# The Relativistic Quantum World A lecture series on Relativity Theory - PowerPoint PPT Presentation

## The Relativistic Quantum World A lecture series on Relativity Theory and Quantum Mechanics Marcel Merk University of Maastricht, Sept 16 Oct 14, 2020 The Relativistic Quantum World 1 Lecture 1: The Principle of Relativity and the Speed of

1. The Relativistic Quantum World A lecture series on Relativity Theory and Quantum Mechanics Marcel Merk University of Maastricht, Sept 16 – Oct 14, 2020

2. The Relativistic Quantum World 1 Lecture 1: The Principle of Relativity and the Speed of Light Sept. 16: Relativity Lecture 2: Time Dilation and Lorentz Contraction Lecture 3: The Lorentz Transformation and Paradoxes Sept. 23: Lecture 4: General Relativity and Gravitational Waves Lecture 5: The Early Quantum Theory Mechanics Sept. 30: Quantum Lecture 6: Feynman’s Double Slit Experiment Lecture 7: Wheeler’s Delayed Choice and Schrodinger’s Cat Oct. 7: Lecture 8: Quantum Reality and the EPR Paradox Standard Model Lecture 9: The Standard Model and Antimatter Oct. 14: Lecture 10: The Large Hadron Collider Lecture notes, written for this course, are available: www.nikhef.nl/~i93/Teaching/ Prerequisite for the course: High school level physics & mathematics.

3. Relativity Theory 2 General Relativity Special Relativity • A free falling person is also inertial frame, All observers moving in inertial frames: • Acceleration and gravitation are equivalent: • Have identical laws of physics, Inertial mass = gravitational mass • Observe the same speed of light: c. Consequences: Consequences: Space-time is curved: • Simultaneity is not the same for everyone, • Light bends around a massive object, • Distances shrink, time slows down at • Time slows down and space shrinks high speed, in gravitational fields, • Velocities do not add-up as expected. • Gravitational radiation exists.

4. Relativity and Quantum Mechanics 3 Quantum Mechanics Classical Mechanics Smaller Sizes ( ħ ) Higher Speed ( c ) Bohr Newton Classical mechanics is not “wrong”. It is limited to macroscopic objects and moderate velocities. Feynman Dirac Einstein Relativity Theory Quantum Field Theory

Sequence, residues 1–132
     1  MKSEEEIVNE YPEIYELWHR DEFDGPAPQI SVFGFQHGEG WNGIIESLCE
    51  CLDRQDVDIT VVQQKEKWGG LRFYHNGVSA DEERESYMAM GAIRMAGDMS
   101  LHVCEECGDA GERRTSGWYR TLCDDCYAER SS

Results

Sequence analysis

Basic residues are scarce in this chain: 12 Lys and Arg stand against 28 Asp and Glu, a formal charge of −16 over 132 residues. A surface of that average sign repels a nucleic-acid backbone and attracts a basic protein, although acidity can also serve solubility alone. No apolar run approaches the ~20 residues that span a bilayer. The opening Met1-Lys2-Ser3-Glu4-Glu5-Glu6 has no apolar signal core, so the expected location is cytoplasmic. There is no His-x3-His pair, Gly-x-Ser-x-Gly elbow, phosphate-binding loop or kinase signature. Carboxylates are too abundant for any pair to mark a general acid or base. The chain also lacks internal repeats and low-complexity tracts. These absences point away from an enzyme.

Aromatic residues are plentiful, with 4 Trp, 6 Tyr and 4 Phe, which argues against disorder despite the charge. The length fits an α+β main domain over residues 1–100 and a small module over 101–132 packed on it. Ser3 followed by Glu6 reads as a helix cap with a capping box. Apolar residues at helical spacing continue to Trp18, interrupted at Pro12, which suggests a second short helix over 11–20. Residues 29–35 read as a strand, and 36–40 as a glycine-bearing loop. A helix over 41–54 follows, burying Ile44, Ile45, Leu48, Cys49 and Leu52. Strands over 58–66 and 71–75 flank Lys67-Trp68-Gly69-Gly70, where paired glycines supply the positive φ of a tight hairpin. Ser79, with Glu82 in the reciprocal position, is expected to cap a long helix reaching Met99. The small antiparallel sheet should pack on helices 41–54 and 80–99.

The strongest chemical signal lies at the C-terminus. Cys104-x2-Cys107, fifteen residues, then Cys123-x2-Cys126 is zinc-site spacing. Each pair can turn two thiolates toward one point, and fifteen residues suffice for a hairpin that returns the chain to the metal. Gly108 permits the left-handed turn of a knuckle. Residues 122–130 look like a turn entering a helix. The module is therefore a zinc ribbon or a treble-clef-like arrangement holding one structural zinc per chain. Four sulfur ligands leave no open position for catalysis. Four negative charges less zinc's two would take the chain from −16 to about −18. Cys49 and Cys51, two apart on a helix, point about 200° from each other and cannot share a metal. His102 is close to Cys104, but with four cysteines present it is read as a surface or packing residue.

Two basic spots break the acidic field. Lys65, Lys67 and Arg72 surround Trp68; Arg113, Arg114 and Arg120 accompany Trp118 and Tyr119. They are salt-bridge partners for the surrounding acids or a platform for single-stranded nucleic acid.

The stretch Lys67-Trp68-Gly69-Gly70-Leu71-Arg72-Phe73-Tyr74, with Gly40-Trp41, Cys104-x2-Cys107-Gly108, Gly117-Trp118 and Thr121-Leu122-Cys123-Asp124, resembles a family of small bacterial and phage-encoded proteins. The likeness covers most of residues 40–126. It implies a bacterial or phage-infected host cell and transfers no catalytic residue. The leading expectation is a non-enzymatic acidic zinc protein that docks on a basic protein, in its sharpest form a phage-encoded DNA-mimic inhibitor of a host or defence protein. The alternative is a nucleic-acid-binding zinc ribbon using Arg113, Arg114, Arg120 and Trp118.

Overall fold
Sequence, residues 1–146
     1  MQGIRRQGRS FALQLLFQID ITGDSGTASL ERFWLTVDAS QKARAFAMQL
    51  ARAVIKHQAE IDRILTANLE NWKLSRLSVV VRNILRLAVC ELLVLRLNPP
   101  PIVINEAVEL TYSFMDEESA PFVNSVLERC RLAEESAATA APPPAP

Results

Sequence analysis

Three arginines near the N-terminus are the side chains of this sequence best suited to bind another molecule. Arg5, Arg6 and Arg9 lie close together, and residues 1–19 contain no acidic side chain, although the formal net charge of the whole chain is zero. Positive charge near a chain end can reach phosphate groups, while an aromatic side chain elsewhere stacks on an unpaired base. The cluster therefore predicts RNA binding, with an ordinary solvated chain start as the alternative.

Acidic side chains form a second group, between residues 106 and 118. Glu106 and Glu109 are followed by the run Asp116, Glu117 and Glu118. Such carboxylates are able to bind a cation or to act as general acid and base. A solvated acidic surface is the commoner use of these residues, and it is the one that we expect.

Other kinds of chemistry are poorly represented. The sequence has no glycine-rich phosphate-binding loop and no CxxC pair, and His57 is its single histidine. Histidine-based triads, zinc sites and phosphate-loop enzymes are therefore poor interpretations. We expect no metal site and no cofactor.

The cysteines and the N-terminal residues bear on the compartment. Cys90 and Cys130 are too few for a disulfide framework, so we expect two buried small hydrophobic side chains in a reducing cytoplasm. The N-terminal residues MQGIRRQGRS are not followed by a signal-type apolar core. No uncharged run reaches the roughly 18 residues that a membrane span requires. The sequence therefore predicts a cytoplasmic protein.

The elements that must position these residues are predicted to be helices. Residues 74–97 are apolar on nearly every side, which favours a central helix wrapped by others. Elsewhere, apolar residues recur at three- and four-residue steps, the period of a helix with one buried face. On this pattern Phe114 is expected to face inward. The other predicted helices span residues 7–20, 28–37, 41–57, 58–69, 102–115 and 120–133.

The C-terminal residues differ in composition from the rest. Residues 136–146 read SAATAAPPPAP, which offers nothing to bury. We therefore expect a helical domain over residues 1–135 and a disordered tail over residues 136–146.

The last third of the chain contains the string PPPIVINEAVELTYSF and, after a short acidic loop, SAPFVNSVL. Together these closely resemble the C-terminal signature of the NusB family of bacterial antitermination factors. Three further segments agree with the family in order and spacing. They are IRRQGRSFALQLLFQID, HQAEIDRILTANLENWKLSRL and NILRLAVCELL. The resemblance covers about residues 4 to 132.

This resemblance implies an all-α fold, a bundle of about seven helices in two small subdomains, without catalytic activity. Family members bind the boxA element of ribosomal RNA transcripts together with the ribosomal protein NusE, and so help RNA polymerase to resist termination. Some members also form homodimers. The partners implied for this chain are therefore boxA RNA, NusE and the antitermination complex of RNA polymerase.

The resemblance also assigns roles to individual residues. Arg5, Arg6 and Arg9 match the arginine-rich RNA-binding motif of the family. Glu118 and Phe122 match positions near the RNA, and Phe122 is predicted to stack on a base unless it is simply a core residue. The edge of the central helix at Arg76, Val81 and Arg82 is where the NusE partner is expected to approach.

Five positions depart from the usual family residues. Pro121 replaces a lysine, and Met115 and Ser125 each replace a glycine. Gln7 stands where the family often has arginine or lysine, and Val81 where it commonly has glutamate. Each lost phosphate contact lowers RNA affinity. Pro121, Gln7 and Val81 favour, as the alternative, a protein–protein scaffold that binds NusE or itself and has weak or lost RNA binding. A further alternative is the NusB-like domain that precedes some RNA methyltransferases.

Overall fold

5. 4 Lecture 5 The Early Quantum Theory “If Quantum Mechanics hasn’t profoundly shocked you, you haven’t understood it yet.” - Niels Bohr “Gott würfelt nicht (God does not play dice).” - Albert Einstein ”Einstein, stop telling God what to do!” - Niels Bohr

6. Key Persons of Quantum Mechanics 5 Max Born Erwin Schrodinger Werner Heisenberg Paul Dirac Niels Bohr Niels Bohr: Nestor of the ”Copenhagen Interpretation” Erwin Schrödinger: Inventor of the quantum mechanical wave equation Werner Heisenberg: Inventor of the uncertainty relation and “matrix mechanics” Paul Dirac: Inventor of relativistic wave equation: Antimatter! Max Born: Inventor of the probability interpretation of the wave function We will focus of the Copenhagen Interpretation and work with the concept of Schrödinger’s wave-function: 𝜔

7. Deterministic Universe 6 Mechanics Laws of Newton: 1. The law of inertia: a body in rest moves with a constant speed 2. The law of force and acceleration: F= m a 3. The law: Action = - Reaction “Principia” (1687) Isaac Newton (1642 – 1727) • Classical Mechanics leads to a deterministic universe. - From exact initial conditions future can be predicted . • Quantum mechanics introduces a fundamental element of chance in the laws of nature: Planck’s constant: ℎ . - Quantum mechanics only makes statistical predictions .

8. The Nature of Light 7 Isaac Newton (1642 – 1727): Light is a stream of particles. Christiaan Huygens (1629 – 1695): Light consists of waves. Thomas Young (1773 – 1829): Isaac Newton Christiaan Huygens Interference observed: Light is waves! Newton Huygens Thomas Young